Sample Human Resource Management on Title VII violation

The federal law Civil Rights Act of 1964 under Title VII forbids any employer from segregating workers based on their religion, color, race, or national origin. The act defends employer selectiveness against any of their staffs concerning their compensation, terms, conditions, or employment rights built on their different aspects such as sex, individuals color, national origin, religion, or race. The act forbids employment in terms of recruitment, hiring and firing, transfers, promotions layoffs, or recall of employees (Aronson, 2016). Additionally, it also protects employees from discrimination against payment, retirement plans, disability leave, or other terms of employment. Moreover, the section also forbids retaliation against someone for exercising his/her rights under Title VII.

Example of Title VII Violation

Title VII violation instance in an organization may include refusal to employ an applicant based on his/her sex or color. Color discrimination may include refusal to hire an African to an Asian firm due to skin pigmentation. Sex discrimination occurs when women and men situated similarly are treated differently based on their gender (Wesler, 2018). Violation also includes intentionally repeating unsolicited gestures or verbal comments or unwelcome physical contact of sexual nature to other people. These forms of discrimination may be present in organizations, even if the organization’s policy has a low impact on an individual or a particular group based on their gender.

Human Resource and Title VII Violation

The human resource department is in a significant position to prevent discrimination in the workplace by initiating several steps, such as educating all the employees about bias and forms of discrimination and encouraging respect for racial and cultural differences in the organization. The department should ensure enforcement of the workplace policies; thereby prevent cases of any of discrimination and harassment (Kim, 2017). Additionally, employees should be educated to respect each other’s differences. The department should also ensure there is a detailed structure of how managers and supervisors respond to cases of discrimination in the workplace. Moreover, employees should avoid offensive cultural remarks or race-based pranks as this may initiate discomfort to the involved individual or groups.

EEOC and Discrimination in the Workplace

Equal Employment Opportunity Commission (EEOC) is a federal agency tasked with enforcing civil rights rules that outlaw any form of job discrimination. The agency has a leading role in the interpretation and enforcement of the federal laws that prohibit discrimination in the workplace (Juban & Gardner, 2020). Additionally, the agency initiates the investigation charges of harassment and discrimination and attempts to settle the charges when found. In cases where the charges cannot be resolved, the EEOC may file a lawsuit on behalf of an individual or the public. Furthermore, the agency also prevents discrimination through outreach, education and conducting workshops, and assistance programs before discrimination cases occur.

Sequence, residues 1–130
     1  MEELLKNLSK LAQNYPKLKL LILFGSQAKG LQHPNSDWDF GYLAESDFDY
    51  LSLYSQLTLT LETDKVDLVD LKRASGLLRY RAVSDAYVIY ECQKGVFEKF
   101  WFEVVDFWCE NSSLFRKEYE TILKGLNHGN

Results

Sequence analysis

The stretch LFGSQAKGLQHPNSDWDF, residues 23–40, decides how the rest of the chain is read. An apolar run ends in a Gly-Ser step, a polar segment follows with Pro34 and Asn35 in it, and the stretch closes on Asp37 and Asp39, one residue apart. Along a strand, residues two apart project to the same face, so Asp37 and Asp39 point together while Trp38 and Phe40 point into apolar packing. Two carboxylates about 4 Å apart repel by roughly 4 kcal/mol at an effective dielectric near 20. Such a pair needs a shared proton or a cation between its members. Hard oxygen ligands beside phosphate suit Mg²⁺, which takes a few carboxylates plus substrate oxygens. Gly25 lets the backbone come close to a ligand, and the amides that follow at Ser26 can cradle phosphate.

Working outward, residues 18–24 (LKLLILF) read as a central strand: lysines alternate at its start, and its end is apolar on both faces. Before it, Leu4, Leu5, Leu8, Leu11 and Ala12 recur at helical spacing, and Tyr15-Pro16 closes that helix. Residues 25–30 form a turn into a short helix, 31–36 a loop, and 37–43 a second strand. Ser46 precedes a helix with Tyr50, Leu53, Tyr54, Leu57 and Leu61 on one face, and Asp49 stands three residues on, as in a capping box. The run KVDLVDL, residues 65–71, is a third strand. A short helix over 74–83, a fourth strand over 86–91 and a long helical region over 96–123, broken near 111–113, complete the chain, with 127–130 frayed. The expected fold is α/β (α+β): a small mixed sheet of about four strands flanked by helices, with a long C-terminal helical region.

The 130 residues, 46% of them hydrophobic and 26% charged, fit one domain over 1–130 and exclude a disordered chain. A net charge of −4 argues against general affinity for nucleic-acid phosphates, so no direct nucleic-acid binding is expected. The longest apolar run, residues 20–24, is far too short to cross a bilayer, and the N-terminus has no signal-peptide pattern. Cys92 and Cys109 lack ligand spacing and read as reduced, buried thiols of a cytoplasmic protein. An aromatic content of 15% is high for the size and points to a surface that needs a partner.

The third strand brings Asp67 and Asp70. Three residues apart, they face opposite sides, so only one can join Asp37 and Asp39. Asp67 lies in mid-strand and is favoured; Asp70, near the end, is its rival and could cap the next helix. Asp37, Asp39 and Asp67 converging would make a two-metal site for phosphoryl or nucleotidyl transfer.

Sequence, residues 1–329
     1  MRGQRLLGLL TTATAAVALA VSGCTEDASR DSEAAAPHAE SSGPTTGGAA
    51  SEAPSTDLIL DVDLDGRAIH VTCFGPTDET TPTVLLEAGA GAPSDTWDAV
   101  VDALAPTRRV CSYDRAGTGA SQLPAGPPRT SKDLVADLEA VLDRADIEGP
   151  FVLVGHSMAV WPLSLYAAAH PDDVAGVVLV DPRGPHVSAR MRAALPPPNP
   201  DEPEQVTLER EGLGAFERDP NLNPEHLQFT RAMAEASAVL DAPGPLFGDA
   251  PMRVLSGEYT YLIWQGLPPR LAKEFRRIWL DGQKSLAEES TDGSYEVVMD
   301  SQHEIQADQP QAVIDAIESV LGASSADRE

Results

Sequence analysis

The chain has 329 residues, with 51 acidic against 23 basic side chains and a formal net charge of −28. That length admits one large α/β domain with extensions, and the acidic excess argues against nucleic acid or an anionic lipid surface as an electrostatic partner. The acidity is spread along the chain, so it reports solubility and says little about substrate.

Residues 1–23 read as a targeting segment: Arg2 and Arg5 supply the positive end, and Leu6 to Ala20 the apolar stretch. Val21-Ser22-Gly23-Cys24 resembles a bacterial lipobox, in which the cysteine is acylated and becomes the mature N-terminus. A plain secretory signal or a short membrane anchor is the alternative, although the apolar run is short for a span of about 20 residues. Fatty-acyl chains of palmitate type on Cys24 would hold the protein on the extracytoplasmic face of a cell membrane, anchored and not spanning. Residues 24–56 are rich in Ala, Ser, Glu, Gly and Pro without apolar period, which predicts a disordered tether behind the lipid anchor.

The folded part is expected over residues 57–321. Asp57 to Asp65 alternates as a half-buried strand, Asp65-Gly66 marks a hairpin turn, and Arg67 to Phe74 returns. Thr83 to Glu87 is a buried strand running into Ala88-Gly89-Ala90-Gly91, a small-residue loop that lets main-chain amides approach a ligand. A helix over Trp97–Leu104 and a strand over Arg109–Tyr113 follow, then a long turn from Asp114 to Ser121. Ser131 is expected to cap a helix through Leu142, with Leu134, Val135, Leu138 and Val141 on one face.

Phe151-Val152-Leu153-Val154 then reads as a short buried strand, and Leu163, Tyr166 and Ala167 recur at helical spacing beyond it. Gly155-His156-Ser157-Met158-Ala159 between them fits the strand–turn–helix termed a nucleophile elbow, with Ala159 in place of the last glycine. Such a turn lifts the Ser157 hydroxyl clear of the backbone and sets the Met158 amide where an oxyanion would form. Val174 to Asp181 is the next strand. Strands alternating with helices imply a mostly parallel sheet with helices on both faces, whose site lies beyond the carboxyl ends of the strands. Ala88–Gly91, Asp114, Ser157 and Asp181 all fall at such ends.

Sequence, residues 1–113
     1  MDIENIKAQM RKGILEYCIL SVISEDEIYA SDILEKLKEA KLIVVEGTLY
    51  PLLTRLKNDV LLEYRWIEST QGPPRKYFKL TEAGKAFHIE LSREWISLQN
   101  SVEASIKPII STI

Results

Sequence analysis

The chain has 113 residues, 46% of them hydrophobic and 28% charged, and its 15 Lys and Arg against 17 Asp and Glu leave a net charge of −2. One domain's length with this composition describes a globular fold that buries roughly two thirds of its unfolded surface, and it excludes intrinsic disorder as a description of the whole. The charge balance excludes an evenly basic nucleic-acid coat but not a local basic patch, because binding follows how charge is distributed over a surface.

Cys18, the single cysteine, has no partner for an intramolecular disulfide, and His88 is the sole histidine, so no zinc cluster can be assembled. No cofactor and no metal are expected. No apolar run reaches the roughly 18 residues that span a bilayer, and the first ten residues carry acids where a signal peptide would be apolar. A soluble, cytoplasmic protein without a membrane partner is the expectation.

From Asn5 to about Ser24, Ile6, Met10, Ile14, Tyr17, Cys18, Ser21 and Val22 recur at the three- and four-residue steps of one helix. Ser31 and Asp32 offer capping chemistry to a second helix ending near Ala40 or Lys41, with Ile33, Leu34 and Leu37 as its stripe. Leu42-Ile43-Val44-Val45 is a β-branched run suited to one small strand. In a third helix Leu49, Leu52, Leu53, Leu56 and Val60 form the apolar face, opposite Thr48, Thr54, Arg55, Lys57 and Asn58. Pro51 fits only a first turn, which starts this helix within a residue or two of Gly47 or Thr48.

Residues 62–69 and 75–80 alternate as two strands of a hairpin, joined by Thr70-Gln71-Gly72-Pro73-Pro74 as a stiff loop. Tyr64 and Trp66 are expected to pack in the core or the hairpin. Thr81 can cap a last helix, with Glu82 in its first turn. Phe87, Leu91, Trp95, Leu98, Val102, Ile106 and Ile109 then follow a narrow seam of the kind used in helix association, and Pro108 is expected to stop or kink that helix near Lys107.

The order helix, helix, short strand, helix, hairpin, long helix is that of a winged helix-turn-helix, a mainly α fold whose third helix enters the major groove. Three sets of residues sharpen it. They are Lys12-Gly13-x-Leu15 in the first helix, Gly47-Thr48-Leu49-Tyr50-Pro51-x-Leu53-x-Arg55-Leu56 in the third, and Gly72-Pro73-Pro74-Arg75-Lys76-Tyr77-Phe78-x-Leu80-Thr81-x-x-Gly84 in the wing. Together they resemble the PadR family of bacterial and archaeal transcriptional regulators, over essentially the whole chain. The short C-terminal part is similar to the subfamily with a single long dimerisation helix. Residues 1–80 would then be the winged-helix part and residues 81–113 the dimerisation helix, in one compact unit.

Example of EEOC Violation

EEOC violation in an organization may involve discrimination by retaliation, whereby an employer fires an employee because of making a discrimination charge to the EEOC. Under civil rights, it is illegal to treat a worker differently from others or fire him/her because of making a complaint against the employer (Ishii, 2019). In these instances, when the agency decides to file a lawsuit against the employer in court, the employer might be forced to pay back the employee salary and other damages caused to the employee.

Human Resource and EEOC Violation

The human resource department could have educated the employers and employees on the different forms of discrimination in the organization. The department could have also ensured that the organization is aware of EEOC agency and the roles it can perform towards providing workers’ protection (Ishii, 2019). Additionally, the department could have put strict measures and not allow, participate in, or condone harassment and discrimination.



Aronson, E. E. (2016). Perceived-As Plaintiffs: Expanding Title VII Coverage to Discrimination Based on Erroneous Perception. Case W. Res. L. Rev., 67, 235.

Ishii, J. A. W. (2019). EEOC v. Pape Material Handling, Inc.

Juban, R., & Gardner, L. (2020). To File or Not to File? How EEOC Claims Change with the Economy. Labor Studies Journal, 0160449X19897403.

Kim, P. T. (2017). Auditing algorithms for discrimination. U. Pa. L. Rev. Online, 166, 189.

Wexler, B. R. (2018). Let’s Call It What It Is: Sexual Orientation Discrimination Is Sex Discrimination under Title VII. . Louis ULJ, 63, 133.